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5/20/2011
Senate Proposal Would Suspend Federal Gas Tax
Republican US senator proposes suspension of federal gas tax to reduce the price at the pump.

Senator Rand Paul
The average price of regular unleaded gasoline was $3.96 this week, an increase of 38 percent over the same time last year. US Senator Rand Paul (R-Kentucky) on Tuesday proposed to temporarily reduce that cost by 18.4 cent cents by suspending the federal gas tax. Under the freshman lawmaker's plan, the highway trust fund would be replenished by reducing payments made to foreign governments.

"Let's have a gas tax holiday," Paul said in a floor speech. "Let's take the money from foreign aid and let's give it back to the American people who worked hard to earn it.... That would help people, that would lower the price of gasoline and that would be a stimulus to the economy."

A four-month suspension would cost about $10 billion, about as much as the US spends on monetary assistance overseas. Paul blasted Senate Democrats for attempting to impose financial penalties on the five largest petroleum firms, which earned record profits last year, as a means of reducing the price at the pump.

"Their solution is to raise taxes on oil companies," Paul said. "Do you know what taxes are? Taxes are simply a cost. If you run a business and I raise your costs, you'll raise your prices. So let's see, prices are too high, so we're going to raise the costs which will raise the prices further. It makes absolutely no sense."

Last year, ExxonMobil's net income of $30.5 billion was just 8.2 percent of its $370 billion in sales, including all of the firms business ventures beyond oil. Many other industries enjoy much higher profit margins, such as beverage companies, computer equipment suppliers, pharmaceutical companies and the manufacturing sector.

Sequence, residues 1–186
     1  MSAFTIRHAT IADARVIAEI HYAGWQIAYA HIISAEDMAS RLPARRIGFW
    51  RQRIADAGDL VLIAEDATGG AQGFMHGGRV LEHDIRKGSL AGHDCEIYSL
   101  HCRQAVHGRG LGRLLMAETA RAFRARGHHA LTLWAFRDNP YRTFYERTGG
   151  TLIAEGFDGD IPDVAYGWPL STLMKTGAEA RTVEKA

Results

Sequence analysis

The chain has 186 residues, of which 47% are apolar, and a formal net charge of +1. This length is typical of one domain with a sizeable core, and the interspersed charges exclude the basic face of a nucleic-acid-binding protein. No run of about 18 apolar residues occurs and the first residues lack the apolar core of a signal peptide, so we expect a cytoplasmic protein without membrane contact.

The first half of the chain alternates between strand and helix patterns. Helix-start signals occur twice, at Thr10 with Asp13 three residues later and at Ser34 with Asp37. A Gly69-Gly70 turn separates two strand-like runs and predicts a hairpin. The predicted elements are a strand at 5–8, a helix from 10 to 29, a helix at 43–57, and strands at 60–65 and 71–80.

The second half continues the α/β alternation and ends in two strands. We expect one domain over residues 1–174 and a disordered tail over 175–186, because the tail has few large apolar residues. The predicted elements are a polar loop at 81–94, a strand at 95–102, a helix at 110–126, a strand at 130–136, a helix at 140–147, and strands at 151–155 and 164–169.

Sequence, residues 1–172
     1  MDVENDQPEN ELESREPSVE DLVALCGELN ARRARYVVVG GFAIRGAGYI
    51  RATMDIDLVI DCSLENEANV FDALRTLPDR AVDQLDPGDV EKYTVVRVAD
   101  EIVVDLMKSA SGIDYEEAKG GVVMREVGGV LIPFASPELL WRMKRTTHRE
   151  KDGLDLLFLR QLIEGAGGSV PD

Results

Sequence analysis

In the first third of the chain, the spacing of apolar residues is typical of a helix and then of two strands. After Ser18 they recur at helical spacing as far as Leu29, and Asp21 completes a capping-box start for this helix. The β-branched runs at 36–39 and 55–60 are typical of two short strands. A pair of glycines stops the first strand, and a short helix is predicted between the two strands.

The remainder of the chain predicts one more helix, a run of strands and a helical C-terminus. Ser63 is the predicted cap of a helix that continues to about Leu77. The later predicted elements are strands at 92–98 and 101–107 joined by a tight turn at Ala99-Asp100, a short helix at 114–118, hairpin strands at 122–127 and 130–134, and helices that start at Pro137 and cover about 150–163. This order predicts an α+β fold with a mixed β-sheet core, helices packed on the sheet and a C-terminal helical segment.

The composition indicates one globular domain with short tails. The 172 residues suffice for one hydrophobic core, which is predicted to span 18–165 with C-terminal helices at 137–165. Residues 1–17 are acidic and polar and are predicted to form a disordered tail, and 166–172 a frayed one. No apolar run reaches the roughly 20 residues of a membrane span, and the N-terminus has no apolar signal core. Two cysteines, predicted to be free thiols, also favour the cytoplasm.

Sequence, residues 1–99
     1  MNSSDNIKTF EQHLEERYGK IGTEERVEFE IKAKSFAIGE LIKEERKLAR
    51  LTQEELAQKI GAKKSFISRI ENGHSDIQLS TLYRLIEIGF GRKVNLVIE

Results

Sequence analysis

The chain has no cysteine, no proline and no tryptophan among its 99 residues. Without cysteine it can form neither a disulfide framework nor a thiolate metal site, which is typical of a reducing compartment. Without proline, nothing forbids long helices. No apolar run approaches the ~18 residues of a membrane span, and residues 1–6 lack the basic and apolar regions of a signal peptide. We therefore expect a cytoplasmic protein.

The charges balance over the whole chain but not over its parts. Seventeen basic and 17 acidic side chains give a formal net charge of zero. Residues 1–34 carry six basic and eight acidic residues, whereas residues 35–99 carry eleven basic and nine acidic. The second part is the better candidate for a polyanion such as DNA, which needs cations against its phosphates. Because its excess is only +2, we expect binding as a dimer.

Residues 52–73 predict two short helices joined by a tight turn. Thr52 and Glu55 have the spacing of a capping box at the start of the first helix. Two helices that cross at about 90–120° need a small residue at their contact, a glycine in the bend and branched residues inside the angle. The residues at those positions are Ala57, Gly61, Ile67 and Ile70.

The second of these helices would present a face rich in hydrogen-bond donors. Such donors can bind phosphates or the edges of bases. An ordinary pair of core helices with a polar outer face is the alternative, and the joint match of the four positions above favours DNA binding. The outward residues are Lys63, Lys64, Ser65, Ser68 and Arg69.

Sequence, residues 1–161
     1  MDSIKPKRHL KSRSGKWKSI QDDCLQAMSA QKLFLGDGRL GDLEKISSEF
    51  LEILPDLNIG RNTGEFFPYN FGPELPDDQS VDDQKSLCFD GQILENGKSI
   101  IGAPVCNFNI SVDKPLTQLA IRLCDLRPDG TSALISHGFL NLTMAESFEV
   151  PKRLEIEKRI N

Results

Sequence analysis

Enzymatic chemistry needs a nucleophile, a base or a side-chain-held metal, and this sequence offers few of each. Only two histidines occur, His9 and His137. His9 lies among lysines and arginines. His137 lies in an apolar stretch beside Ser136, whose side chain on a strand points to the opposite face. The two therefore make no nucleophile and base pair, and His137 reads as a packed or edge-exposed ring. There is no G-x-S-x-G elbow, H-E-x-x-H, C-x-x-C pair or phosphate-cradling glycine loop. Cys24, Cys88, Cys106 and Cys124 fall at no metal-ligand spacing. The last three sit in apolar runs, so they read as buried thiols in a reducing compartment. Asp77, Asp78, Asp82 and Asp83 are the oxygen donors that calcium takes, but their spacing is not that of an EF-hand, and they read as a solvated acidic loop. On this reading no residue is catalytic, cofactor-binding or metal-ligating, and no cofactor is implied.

Senator Tom Coburn (R-Oklahoma) argued that members of Congress shared the bulk of the blame for the high price of gasoline by running deficits of $1.5 trillion a year. He suggested fiscal restraint as a cost reduction measure.

"Do my colleagues know why oil is expensive today?" Coburn said. "It is because the dollar is on its back and oil is priced in dollars. If we want the price of oil to go down, as it has this week and the tail end of last week, we want the value of the dollar to go up, because the world trades oil in dollars. Why is the dollar down? The dollar is down because an incompetent Congress continues to spend money we don't have on things we don't absolutely need. If we want the dollar to improve in value, what we have to do is hold the Congress accountable for doing what they were elected to do, which is live within our means."



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